How Race and Ethnicity Impact Heart Disease

Cardiovascular disease is the leading cause of death in the U.S. But racial and ethnic minority groups carry a heavier burden. Heart disease risk factors and diagnoses are more common among ethnic minorities. Social factors, known as social determinants of health, drive these health disparities.

How do race and ethnicity play a role in cardiovascular disease?

Cardiovascular disease is the leading cause of death for all adults. But it hits some people, especially minority groups, harder than others. For example, 47% of Black adults have been diagnosed with cardiovascular disease, compared with 36% of white adults.

When it comes to heart disease risk factors, minority groups also carry a heavier burden. Hispanic women are more than twice as likely as white women to have diabetes, which is a major risk factor for heart disease. And American Indians are three times more likely than whites to have diabetes.

Health disparities

These differences between racial and ethnic groups are called health disparities. Health disparities are a complex and challenging problem in the U.S. and around the world.

Researchers view race and ethnicity as social constructs rather than biological traits. In other words, the health differences between racial and ethnic groups aren’t caused by genetics. Social factors play the biggest role in shaping people’s health.

Many social factors affect a person’s health. Some important factors include a person’s ability to access:

  • Money and resources for life’s basic needs.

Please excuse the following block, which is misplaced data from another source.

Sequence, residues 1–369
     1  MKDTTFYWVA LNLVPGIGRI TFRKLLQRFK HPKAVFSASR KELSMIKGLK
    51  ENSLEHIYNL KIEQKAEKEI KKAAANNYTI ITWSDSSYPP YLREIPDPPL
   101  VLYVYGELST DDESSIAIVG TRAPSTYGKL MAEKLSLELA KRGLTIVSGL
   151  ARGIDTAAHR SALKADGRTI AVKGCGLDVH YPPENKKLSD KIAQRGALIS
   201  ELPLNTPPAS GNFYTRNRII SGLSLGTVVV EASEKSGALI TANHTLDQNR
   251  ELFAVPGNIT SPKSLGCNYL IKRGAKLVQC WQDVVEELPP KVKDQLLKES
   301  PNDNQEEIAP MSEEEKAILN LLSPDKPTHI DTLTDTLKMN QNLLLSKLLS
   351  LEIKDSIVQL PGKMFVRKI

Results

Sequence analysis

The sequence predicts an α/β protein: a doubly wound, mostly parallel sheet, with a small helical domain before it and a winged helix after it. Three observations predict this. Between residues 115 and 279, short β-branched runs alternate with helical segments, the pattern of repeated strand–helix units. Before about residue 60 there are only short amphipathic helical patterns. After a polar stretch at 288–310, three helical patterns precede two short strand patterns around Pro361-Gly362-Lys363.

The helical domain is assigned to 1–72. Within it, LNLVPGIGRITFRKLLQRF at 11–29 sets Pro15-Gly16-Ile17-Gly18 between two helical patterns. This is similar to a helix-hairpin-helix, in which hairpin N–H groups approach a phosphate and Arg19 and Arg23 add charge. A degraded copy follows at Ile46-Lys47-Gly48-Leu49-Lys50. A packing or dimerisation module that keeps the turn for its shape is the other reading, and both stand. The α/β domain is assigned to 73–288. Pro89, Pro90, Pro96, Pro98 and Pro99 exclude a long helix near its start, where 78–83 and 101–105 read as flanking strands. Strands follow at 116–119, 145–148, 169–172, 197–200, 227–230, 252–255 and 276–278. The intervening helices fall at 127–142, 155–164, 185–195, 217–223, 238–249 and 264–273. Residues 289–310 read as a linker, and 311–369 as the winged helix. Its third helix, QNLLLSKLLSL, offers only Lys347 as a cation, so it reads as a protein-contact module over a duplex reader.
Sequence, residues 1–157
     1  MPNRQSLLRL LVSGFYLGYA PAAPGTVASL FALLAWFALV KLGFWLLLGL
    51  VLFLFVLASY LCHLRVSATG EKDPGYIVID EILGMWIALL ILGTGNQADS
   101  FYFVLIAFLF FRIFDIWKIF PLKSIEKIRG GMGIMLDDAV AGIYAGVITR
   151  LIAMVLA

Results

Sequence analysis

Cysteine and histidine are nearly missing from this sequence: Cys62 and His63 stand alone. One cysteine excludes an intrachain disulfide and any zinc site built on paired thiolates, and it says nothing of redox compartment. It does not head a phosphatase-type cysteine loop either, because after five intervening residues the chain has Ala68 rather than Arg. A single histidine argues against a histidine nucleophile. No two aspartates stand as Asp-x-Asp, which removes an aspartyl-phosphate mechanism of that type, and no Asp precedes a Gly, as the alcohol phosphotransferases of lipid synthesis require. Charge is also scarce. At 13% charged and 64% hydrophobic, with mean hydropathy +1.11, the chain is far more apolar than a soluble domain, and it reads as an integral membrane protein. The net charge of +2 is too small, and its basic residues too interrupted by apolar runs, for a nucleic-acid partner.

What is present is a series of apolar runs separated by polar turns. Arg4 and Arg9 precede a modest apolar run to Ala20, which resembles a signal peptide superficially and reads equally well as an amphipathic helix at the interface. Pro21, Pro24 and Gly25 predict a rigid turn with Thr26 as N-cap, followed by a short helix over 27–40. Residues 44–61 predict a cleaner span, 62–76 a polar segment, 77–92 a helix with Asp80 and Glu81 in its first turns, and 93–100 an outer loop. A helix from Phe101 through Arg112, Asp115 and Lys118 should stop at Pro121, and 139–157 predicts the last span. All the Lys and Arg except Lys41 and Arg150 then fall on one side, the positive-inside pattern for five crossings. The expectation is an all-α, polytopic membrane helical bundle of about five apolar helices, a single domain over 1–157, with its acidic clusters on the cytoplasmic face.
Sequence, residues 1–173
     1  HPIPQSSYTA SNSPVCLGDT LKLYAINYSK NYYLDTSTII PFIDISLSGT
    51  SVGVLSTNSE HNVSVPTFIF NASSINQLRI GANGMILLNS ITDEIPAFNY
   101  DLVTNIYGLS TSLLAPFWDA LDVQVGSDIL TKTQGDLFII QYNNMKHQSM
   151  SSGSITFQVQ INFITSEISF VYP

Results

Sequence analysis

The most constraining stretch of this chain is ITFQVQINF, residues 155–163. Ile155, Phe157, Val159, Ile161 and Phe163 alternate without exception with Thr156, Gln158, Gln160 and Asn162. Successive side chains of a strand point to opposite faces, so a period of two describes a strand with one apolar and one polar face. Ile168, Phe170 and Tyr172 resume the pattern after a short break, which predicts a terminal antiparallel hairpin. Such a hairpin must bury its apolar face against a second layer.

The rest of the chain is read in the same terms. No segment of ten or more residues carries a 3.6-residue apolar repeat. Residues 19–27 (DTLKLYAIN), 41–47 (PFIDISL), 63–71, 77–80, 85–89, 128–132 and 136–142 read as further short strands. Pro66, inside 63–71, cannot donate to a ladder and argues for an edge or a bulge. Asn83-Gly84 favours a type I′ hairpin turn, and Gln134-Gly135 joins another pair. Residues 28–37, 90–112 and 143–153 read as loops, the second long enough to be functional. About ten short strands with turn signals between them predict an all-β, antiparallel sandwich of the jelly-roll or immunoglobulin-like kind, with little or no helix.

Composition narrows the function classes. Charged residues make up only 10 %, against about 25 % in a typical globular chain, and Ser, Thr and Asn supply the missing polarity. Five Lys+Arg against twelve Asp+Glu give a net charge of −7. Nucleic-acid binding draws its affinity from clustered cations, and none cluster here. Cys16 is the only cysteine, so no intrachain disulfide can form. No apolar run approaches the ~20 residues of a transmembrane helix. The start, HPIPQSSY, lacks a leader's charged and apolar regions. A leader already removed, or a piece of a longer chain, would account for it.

• Quality education.
  • Quality healthcare.
  • A safe living environment (for example, clean air and water).
  • Resources like nutritious food and fresh fruits and vegetables.
  • Supportive relationships free of discrimination or violence.

These factors, known as “social determinants of health,” connect with each other. For example, poverty might prevent someone from following a heart-healthy diet. And if that person lives in a “food desert” with no healthy options for food, their choices are even more limited.

Social factors put Black, Hispanic and American Indian people at a disadvantage. These groups often carry a heavier economic and social burden. As a result, their health is also harmed. Other groups also face disadvantages that affect their risks for heart disease.


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How do cardiovascular disease risks vary by race and ethnicity?

In the U.S., certain racial and ethnic groups are hit harder by high blood pressure (hypertension) and type 2 diabetes. These are two major risk factors for heart disease.

High blood pressure (hypertension)

  • 59% of Black adults have hypertension. This is the highest prevalence among all racial and ethnic groups.
  • 4 out of 5 Asian adults undergoing treatment still deal with unmanaged hypertension. This number lowers just a bit for Hispanic adults and Black adults (3 out of 4 for each group).
  • Black women are twice as likely as white women to develop chronic hypertension during pregnancy. This condition raises a person’s risk for cardiovascular disease down the road.
  • Black adults are more likely than white adults to have organ damage caused by hypertension. As a result, they’re four times more likely to experience end-stage kidney disease.
  • Black adults are more likely than white adults to die from hypertension and related diseases.

Social factors impact these numbers. For example, people who lack insurance are more likely to have unmanaged hypertension. And people who face discrimination have higher blood pressure.

Hypertension can lead to complications including:

Type 2 diabetes

Type 2 diabetes can harm blood vessels in your heart, brain and kidneys. This condition also causes your triglyceride and LDL cholesterol levels to go up. People who have diabetes are twice as likely as those without it to have a heart attack or stroke.

About 1 in 10 people in the U.S. have some form of diabetes, and the vast majority (90% to 95%) have type 2 diabetes. Diabetes is a major health crisis for all people. But it affects some racial and ethnic groups more often.